Roundup: Wall Street reaps weekly gains amid fresh economic data

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NEW YORK, July 3 (Xinhua) -- U.S. equities advanced for the week as investors sifted through a batch of data, assessing the shape of economic recovery.

For the week ending Friday, the Dow rose 1 percent, the S&P 500 climbed 1.7 percent and the tech-heavy Nasdaq Composite gained 1.9 percent.

The S&P U.S. Listed China 50 index, which is designed to track the performance of the 50 largest Chinese companies listed on U.S. exchanges by total market cap, logged a weekly decline of 0.9 percent.

Investors weighed the U.S. labor market recovery.

U.S. employers added 850,000 jobs in June, with unemployment rate unexpectedly edging up to 5.9 percent, the U.S. Labor Department reported Friday.

The latest data followed downwardly revised job growth of 269,000 in April and upwardly revised increase of 583,000 in May, indicating a bumpy road in labor market recovery.

In June, job gains were notable in leisure and hospitality, public and private education, professional and business services, retail trade, and other services, according to the report released by the department's Bureau of Labor Statistics. Economists polled by Dow Jones had forecast 706,000 new jobs for June.

Despite the improvement in the pandemic-ravaged labor market, some 9.5 million people remained unemployed in June, well above the pre-pandemic level of 5.7 million, according to the report.

"The overall tone of the report is consistent with rapid reopening, but not without growing pains," Chris Low, chief economist at FHN Financial said in a note on Friday.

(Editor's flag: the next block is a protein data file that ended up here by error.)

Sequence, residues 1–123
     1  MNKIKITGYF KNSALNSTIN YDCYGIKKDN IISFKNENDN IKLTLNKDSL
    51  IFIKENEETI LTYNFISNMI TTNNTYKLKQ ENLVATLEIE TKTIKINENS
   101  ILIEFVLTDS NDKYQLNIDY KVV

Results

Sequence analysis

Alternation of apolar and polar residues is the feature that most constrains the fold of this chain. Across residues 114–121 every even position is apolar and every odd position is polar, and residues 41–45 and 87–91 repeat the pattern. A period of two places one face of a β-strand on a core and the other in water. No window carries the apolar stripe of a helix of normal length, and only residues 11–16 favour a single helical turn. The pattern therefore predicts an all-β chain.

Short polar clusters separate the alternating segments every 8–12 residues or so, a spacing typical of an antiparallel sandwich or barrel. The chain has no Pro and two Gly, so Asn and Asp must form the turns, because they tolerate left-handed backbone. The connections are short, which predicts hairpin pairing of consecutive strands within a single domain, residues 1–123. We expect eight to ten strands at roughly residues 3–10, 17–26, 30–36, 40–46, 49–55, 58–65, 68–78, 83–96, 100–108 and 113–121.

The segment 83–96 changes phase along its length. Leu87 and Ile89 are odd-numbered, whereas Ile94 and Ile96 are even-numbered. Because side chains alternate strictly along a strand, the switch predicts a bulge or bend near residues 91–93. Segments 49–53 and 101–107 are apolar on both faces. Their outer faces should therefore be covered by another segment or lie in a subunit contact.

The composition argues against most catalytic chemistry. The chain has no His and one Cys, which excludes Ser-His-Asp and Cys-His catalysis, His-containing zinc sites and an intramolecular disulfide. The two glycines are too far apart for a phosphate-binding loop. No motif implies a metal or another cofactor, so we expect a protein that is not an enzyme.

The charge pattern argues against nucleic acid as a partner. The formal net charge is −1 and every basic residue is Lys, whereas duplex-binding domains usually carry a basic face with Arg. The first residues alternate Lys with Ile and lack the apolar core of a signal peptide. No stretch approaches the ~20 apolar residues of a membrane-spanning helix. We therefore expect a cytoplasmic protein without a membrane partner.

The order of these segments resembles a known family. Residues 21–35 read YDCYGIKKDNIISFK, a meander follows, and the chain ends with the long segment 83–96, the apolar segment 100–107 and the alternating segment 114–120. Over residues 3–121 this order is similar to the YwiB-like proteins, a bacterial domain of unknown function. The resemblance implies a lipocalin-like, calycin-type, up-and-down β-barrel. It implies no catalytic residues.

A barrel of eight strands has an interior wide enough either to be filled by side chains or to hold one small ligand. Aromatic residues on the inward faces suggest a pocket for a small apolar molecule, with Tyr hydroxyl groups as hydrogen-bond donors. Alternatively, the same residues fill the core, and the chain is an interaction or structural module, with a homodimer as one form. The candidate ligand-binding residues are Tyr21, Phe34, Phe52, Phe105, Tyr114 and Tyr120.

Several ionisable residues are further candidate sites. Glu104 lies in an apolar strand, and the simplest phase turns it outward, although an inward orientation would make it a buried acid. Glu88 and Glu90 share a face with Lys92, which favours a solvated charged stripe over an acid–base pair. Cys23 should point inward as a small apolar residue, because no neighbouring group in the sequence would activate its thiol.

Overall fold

"Manufacturers added workers, for instance, but cut hours because they cannot source parts and materials. Leisure and hospitality added 343,000 workers, one of the six biggest increases ever in the sector, but far short of the millions they need," he said.

On Thursday, a separate report by the Labor Department showed initial filings for unemployment insurance in the United States fell to a fresh pandemic-era low.

U.S. initial jobless claims, a rough way to measure lay-offs, registered 364,000 in the week ending June 26, a decrease of 51,000 from the prior week's revised level, the Department of Labor reported Thursday. Economists polled by Dow Jones had expected initial claims for unemployment totaled 390,000 last week.

Elsewhere, payroll data company Automatic Data Processing (ADP) reported Wednesday that private companies in the United States added 692,000 jobs in June, beating market expectations. However, the May total of jobs added was revised down from 978,000 to 886,000.

"While payrolls are still nearly 7 million short of pre-COVID-19 levels, job gains have totaled about 3 million since the beginning of 2021," said Nela Richardson, chief economist at ADP.

"Service providers, the hardest hit sector, continue to do the heavy lifting, with leisure and hospitality posting the strongest gain as businesses begin to reopen to full capacity across the country," Richardson said.

On the other data front, U.S. Manufacturing PMI (Purchasing Managers' Index) slipped to 60.6 percent in June from the May reading of 61.2 percent, according to the Institute for Supply Management. That was slightly below the Wall Street forecast.

U.S. markets will be closed Monday in observance of the Independence Day holiday, which falls on Sunday. Enditem

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